The London Institute is Britain’s only independent research institute in physics and mathematics. Based at the Royal Institution, we offer scientists an alternative to a university career, giving them the freedom and support to devote themselves full-time to making discoveries.
There’s a strange inefficiency in the way scientific research is organised. The best scientists get hired, then encounter fierce limits on how much science they get to do. The reason for this is that the vast majority of research is done at universities, where scientists are expected to devote most of their time to teaching and administrative duties. That’s why we founded the London Institute for Mathematical Sciences. We wanted it to be a place where physicists and mathematicians were free to dedicate themselves full-time to fundamental theoretical research.
The London Institute is not part of a government initiative. It arose naturally out of the desire of a handful of theorists to spend more time doing science. Founded in 2011 with a grant from DARPA, it received early support from the US Department of Defense. In 2015 it became eligible for funding from the European Union’s scientific research agency. The Institute was designated an Independent Research Organisation in 2019, becoming Britain’s first research centre in the physical sciences to compete with universities for Research Council funding. In 2021, it was invited to move into the Royal Institution in Mayfair, where it occupies rooms where Michael Faraday once lived.
The London Institute does research in physics, mathematics and the mathematical sciences. We don’t teach or award degrees. Discovery is our only focus—so we are only as good as the discoveries that we make. Benchmarking the London Institute by the quality of our research keeps us on mission, at a time when it’s easy to get distracted by outreach, bureaucracy and virtue signalling.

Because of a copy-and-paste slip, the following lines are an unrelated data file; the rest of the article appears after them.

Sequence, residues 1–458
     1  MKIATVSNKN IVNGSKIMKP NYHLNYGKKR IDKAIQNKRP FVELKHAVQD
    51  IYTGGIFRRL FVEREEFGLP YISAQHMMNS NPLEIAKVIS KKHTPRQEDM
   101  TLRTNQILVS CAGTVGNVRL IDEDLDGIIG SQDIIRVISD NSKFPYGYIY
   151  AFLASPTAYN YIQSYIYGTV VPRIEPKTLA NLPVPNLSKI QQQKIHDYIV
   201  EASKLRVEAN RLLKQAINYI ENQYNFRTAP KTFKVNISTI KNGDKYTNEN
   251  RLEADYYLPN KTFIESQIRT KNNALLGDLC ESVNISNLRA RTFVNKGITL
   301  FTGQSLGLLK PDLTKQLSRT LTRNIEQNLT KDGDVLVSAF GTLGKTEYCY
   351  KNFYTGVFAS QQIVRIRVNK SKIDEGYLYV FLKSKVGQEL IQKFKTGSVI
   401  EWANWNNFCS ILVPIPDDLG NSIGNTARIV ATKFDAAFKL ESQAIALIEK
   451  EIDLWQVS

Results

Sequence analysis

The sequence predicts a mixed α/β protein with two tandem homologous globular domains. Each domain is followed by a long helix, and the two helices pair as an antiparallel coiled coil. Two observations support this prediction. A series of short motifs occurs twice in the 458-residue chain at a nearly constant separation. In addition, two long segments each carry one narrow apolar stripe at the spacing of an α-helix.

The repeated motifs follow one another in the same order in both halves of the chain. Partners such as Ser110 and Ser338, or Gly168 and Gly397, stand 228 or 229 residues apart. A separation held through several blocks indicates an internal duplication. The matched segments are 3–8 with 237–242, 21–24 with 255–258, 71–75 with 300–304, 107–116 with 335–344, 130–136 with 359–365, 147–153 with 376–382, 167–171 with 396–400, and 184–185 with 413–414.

We specialise in fundamental research, the kind that is done without consideration of how useful it might be. Time and again, this has led to the most transformative breakthroughs. All of our work is theoretical; we don’t do experiments or data science. Because our researchers are all fluent in mathematics, they can understand each other’s work and are open to collaborating.
Our research spans five main research themes. In Mathematics that unifies, we study the relations between different branches of pure mathematics, and create overarching theories that bind them together. In The elegant universe, we tackle big questions about the fundamental forces, symmetry and information, and the intimate interplay between physics and mathematics. In Life, learning and emergence, we develop mathematical foundations for life and artificial life, machine intelligence, and other emergent phenomena that defy reductionism. In Tomorrow’s technology, we establish the scientific principles behind the technologies of the future, in order to transform work, health, defence and creativity. In the Theory of human enterprise, we develop mathematical models of markets, innovation and organisations, so that we can predict them and enhance them through interventions.
We believe that communicating our discoveries is as important as making them. Our papers are the official record of our discoveries, allowing others to build on and apply our work. Each paper is the result of many months of research, so we work hard to make them clear, beautiful and inspirational, and publish them in leading journals.
In addition to our papers, our website is how people know us. Our coders and designers work closely with our researchers and writers to build and maintain it. In early 2022, our website received one of five Webby Award Nominations for the best science website, alongside NASA and Science magazine.
As well as doing science, the London Institute is shaping the national debate on how to fund and organise it. We have written in the national press about the value of basic and theoretical research and how to innovate models for doing it. We also work with the Government to help enhance Britain’s reputation as a science superpower.
The Royal Institution, where we are based, leads the country in science communication. We collaborate with them to share the joy of insight through events in their historic public rooms. Their vast reach on social media and as a video provider helps spread the word about discoveries made inside the building.